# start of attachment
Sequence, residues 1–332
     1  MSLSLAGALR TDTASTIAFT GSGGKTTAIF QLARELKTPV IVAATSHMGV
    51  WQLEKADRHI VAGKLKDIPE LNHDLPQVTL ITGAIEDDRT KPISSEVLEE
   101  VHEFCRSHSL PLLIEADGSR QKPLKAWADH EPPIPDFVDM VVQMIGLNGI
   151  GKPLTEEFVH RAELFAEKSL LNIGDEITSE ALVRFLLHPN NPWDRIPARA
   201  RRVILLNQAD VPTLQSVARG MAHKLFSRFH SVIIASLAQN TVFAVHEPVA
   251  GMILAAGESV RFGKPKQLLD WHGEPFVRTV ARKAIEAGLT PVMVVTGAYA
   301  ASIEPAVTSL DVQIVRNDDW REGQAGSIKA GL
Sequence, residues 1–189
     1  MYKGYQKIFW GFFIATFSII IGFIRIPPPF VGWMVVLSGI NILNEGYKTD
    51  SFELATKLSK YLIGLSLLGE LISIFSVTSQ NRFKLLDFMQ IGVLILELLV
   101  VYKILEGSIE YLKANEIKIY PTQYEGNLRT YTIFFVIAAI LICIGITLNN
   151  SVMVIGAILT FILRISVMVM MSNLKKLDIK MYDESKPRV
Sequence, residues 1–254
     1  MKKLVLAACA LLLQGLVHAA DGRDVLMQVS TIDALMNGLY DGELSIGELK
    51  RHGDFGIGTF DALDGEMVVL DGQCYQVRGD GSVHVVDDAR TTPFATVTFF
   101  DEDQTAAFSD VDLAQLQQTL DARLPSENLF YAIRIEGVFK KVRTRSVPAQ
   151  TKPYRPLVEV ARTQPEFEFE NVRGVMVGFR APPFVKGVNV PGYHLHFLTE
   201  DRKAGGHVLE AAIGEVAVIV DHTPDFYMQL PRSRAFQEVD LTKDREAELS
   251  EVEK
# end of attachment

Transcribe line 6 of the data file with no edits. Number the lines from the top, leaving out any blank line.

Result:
   201  RRVILLNQAD VPTLQSVARG MAHKLFSRFH SVIIASLAQN TVFAVHEPVA